Behold the lunch spread in the players' dining room at the TPC
at The Woodlands, the venue of last week's Houston Open. That's
what Shingo Katayama was doing the day before the opening round.
Having removed the cowboy hat he favors on the course, Katayama,
a charismatic 29-year-old from Tokyo, made his way through the
buffet line, jerry-building a kind of chicken cheeseburger
before stopping dead in his tracks. In front of him was a
Hindenburg-sized, multimeat, multicheese sandwich so vast and
complex that it seemed to paralyze him.
"It's a submarine!" a cheerful, frosted-blonde waitress said in
a dense Texas twang. Smiling politely, Katayama helped himself
to a wedge of the sub and then took a seat. For the next 45
minutes, through his manager and interpreter, Jun Kingyo,
Katayama spoke of, among other things, how he came to choose his
signature hat and the special challenges faced by many of the
PGA Tour's international players. "I don't go to Japanese
restaurants over here," he said. "The food tastes strange to
me." Katayama estimates that he spent "probably 50 nights" in
his Tokyo house with his wife, Michiyo, last year. (Little
wonder they are childless.) "The first week after you leave
home, you feel homesick, kind of depressed," he said, "but after
a week, you get used to it."
Katayama's countryman Toshi Izawa never got used to being away
from home. A luminous talent who won $519,180 in only five Tour
appearances last year--he lost in a playoff at the Nissan Open
and tied for fourth at the Masters--Izawa is nowhere to be found
on the Tour this season. Why? "The language barrier and bad
food," says Katayama.
One man's bad food, of course, is another's gourmet repast. (Dig
in, John Daly!) With its courtesy cars, gratis equipment and
lavish buffets, the Tour, for most of its members, is the
realization of a lifelong dream. But, like a freakishly large
sandwich--or like some of the big-haired, heavily made-up,
surgically augmented women lining the ropes for autographs at
The Woodlands--the Tour can also be alienating and strange.
Seated in the clubhouse in close proximity to Katayama were
several American pros, none of whom greeted him when he entered
the room or bid him goodbye as he placed his napkin over his
untouched section of submarine sandwich and left.
April 7, 2002
Some outsiders are able to assimilate. Vijay Singh of Fiji, who
lives in Ponte Vedra Beach, Fla., shot a tournament-record
22-under-par 266 to win the Houston Open by six strokes over
Darren Clarke of Northern Ireland and by a shot over Jose Maria
Olazabal of Spain. Singh's victory held significantly more
cachet this spring than in the past. It has been a rough year
for Houston, given Enron and Andrea Yates, but a good one for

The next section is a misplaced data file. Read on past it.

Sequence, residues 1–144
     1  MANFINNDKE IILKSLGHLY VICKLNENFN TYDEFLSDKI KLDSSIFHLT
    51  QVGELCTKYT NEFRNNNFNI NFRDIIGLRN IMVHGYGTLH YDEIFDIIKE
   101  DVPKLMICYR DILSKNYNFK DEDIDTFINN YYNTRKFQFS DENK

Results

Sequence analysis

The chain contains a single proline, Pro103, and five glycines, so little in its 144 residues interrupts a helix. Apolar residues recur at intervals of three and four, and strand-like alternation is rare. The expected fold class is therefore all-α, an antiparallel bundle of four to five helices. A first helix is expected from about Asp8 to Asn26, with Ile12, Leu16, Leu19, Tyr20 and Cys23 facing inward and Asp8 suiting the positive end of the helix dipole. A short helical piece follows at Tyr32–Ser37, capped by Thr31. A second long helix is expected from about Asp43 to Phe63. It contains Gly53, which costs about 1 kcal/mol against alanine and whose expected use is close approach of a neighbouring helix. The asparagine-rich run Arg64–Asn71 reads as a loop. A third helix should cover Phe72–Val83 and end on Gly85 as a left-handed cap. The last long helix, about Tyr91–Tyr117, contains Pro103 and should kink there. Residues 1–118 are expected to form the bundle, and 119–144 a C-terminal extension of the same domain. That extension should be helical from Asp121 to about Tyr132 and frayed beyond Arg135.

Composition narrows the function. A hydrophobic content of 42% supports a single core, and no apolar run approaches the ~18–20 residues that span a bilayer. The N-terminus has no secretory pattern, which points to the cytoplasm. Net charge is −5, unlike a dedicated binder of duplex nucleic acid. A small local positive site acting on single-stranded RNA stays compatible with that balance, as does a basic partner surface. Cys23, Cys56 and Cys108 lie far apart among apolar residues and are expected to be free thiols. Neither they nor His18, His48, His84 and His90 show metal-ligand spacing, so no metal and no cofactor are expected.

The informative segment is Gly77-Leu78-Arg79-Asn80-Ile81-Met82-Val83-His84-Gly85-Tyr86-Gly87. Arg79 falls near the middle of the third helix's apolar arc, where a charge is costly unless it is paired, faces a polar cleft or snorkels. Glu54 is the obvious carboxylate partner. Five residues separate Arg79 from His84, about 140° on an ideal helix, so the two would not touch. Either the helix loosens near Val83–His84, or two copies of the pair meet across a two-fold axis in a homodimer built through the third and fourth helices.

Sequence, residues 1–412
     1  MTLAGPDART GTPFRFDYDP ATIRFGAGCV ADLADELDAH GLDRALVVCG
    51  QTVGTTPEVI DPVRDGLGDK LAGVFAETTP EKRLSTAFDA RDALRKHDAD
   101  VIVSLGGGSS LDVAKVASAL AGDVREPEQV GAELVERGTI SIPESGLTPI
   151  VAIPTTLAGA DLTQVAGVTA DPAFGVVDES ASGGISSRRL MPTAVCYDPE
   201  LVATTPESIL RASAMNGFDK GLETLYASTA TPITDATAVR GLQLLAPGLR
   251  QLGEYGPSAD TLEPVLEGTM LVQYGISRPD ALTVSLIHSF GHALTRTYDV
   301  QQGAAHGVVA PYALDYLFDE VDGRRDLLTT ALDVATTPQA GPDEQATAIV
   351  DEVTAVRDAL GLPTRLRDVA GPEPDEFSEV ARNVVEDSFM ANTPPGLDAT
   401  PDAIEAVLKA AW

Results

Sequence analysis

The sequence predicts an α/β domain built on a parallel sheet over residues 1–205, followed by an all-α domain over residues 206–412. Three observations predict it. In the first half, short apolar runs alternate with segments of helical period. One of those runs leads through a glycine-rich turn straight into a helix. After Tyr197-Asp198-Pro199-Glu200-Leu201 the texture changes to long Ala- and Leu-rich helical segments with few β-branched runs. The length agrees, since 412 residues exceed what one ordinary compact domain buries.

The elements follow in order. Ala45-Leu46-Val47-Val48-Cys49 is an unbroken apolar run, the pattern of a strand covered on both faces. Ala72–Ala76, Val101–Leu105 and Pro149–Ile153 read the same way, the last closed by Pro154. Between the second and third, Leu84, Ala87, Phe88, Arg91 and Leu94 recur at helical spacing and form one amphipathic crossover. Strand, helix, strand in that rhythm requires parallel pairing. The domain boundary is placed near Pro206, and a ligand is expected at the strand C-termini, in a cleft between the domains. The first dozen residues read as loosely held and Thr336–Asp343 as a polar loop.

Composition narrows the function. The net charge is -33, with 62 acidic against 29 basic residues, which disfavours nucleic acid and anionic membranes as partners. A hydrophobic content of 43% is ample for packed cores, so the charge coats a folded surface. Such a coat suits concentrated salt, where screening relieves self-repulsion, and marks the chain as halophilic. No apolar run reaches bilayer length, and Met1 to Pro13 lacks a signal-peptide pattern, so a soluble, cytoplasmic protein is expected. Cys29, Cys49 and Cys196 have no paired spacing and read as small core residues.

its tournament. By switching its slot from two weeks after the
Masters to 11 days before the first major of the season, Houston
attracted more of the game's top international players than
usual. With so many golfers from overseas in one place, SI asked
them about the pitfalls of language barriers and homesickness,
about measuring out one's life in hotel rooms, about ingesting
alien food and about retiring for bed just as your wife and kids
are waking up on the other side of the world.
Take a guy like Miguel Angel Jimenez, one of seven brothers from
Malaga, on Spain's Mediterranean coast. Where Jimenez is from,
men don't just stay close to home; if they're unmarried they
often live at home, with their parents, as does the 36-year-old
bachelor Olazabal (who returned to the Houston Open for the
first time in 12 years "to prepare for the Masters," he said).
"It's hard," says Jimenez, who came in 61st. "You don't know
that many people, and you're on the road four, five weeks at a
stretch." The 38-year-old Jimenez and his wife, Montserrat, have
two sons: Miguel, 6, and Victor, 3. "Miguel's birthday is in
May, so I miss it most years," Jimenez says ruefully, "but
you're a golfer; this is what you do. Ever since I was young, I
wanted to be a professional golfer. That means travel and
sacrifice. The best players are here. I want to play with the
As a kind of touchstone, Jimenez travels with a month's supply
of his favorite cigars, which dangle as if surgically attached
to his lips during his many hours on the driving range and the
putting green. (Jimenez only occasionally smokes while
competing.) Australia's Rod Pampling, likewise, never comes to
the U.S. without a healthy store of Vegemite. "It's beautiful
stuff," he says of the malevolent-looking, salty yeast spread
that only Australians fail to find vile. "The hard thing about
living over here is knowing where to go to eat," says Pampling,
"and the servings are so large. You order dinner here, and it's
enough to feed an entire family."
The American tradition of large portions dates back to the